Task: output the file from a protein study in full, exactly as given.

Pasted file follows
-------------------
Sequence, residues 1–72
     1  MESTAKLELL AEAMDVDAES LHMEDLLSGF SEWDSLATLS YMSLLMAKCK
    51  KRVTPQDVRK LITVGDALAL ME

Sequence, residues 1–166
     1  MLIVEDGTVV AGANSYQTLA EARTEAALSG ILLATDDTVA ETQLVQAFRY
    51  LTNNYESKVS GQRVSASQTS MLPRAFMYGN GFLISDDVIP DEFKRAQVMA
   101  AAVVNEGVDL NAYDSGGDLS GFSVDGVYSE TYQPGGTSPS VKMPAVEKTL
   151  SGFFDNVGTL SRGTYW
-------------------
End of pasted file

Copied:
Sequence, residues 1–72
     1  MESTAKLELL AEAMDVDAES LHMEDLLSGF SEWDSLATLS YMSLLMAKCK
    51  KRVTPQDVRK LITVGDALAL ME

Sequence, residues 1–166
     1  MLIVEDGTVV AGANSYQTLA EARTEAALSG ILLATDDTVA ETQLVQAFRY
    51  LTNNYESKVS GQRVSASQTS MLPRAFMYGN GFLISDDVIP DEFKRAQVMA
   101  AAVVNEGVDL NAYDSGGDLS GFSVDGVYSE TYQPGGTSPS VKMPAVEKTL
   151  SGFFDNVGTL SRGTYW